Fairness That Money Can Buy - Procedural Egalitarianism in Practice
AbstractWe suggest that procedures of monetarized bidding can facilitate co-operation in Elinor Ostrom type common(s) projects without crowding out communitarian faculties of "self-governance". Axioms securing procedurally egalitarian bidding on the basis of declared monetary evaluations are introduced. They guarantee that all realized changes of a status quo are in an "objective" (pecuniary) sense equally advantageous for all members of the community. Some empirical evidence that procedurally fair bidding can promote communitarian co-operation rather than crowding it out, is presented. The practical scope and limits of procedural egalitarianism need further empirical exploration, though.
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Bibliographic InfoPaper provided by Friedrich-Schiller-University Jena, Max-Planck-Institute of Economics in its series Jena Economic Research Papers with number 2013-003.
Date of creation: 09 Jan 2013
Date of revision:
Fair Procedures; Egalitarian Mechanisms; Unanimity; Constitutional Political Economy; Non-State Communities; Governing the Commons; Crowding out;
Other versions of this item:
- Werner Gueth & Hartmut Kliemt, 2013. "Fairness That Money Can Buy. Procedural Egalitarianism in Practice," Rationality, Markets and Morals, Frankfurt School Verlag, Frankfurt School of Finance & Management, vol. 4(65), May.
- H4 - Public Economics - - Publicly Provided Goods
- H61 - Public Economics - - National Budget, Deficit, and Debt - - - Budget; Budget Systems
- D62 - Microeconomics - - Welfare Economics - - - Externalities
- D63 - Microeconomics - - Welfare Economics - - - Equity, Justice, Inequality, and Other Normative Criteria and Measurement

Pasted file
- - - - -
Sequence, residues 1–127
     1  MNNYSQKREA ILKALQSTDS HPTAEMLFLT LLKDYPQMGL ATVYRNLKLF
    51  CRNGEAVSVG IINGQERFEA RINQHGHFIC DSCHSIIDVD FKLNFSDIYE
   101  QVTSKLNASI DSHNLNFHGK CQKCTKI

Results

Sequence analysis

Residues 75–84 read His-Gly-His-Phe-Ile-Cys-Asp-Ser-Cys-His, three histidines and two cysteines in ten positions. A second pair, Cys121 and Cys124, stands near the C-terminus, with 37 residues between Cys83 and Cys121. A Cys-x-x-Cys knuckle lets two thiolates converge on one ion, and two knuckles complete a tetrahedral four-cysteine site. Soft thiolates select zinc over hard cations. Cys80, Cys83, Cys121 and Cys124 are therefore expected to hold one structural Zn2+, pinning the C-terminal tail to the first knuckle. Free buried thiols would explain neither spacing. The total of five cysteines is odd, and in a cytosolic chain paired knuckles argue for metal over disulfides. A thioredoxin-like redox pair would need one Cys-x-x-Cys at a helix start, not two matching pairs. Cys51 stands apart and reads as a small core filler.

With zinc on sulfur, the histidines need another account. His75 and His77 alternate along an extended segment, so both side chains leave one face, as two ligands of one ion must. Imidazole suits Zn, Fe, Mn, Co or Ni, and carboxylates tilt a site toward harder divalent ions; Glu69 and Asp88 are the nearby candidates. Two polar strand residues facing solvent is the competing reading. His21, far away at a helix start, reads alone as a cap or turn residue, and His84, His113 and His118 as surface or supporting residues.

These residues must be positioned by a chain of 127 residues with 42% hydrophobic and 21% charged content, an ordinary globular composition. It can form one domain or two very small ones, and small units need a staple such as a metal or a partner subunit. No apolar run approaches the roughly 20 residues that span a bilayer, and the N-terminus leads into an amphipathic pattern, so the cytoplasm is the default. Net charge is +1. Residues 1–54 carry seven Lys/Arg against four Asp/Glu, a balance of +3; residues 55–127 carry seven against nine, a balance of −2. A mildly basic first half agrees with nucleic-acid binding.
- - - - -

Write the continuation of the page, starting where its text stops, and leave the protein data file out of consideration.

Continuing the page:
- D71 - Microeconomics - - Analysis of Collective Decision-Making - - - Social Choice; Clubs; Committees; Associations
This paper has been announced in the following NEP Reports:
- NEP-ALL-2013-01-19 (All new papers)
- NEP-CDM-2013-01-19 (Collective Decision-Making)
- NEP-HPE-2013-01-19 (History & Philosophy of Economics)
- NEP-PPM-2013-01-19 (Project, Program & Portfolio Management)
Please report citation or reference errors to , or , if you are the registered author of the cited work, log in to your RePEc Author Service profile, click on "citations" and make appropriate adjustments.:
- Satz, Debra, 2010. "Why Some Things Should Not Be for Sale: The Moral Limits of Markets," OUP Catalogue, Oxford University Press, number 9780195311594, October.
- Kliemt, Hartmut, 1994. " The Calculus of Consent after Thirty Years," Public Choice, Springer, vol. 79(3-4), pages 341-53, June.
- Werner Güth & Anastasios Koukoumelis & M. Vittoria Levati & Matteo Ploner, 2012. "Public projects benefiting some and harming others: three experimental studies," Jena Economic Research Papers 2012-034, Friedrich-Schiller-University Jena, Max-Planck-Institute of Economics.
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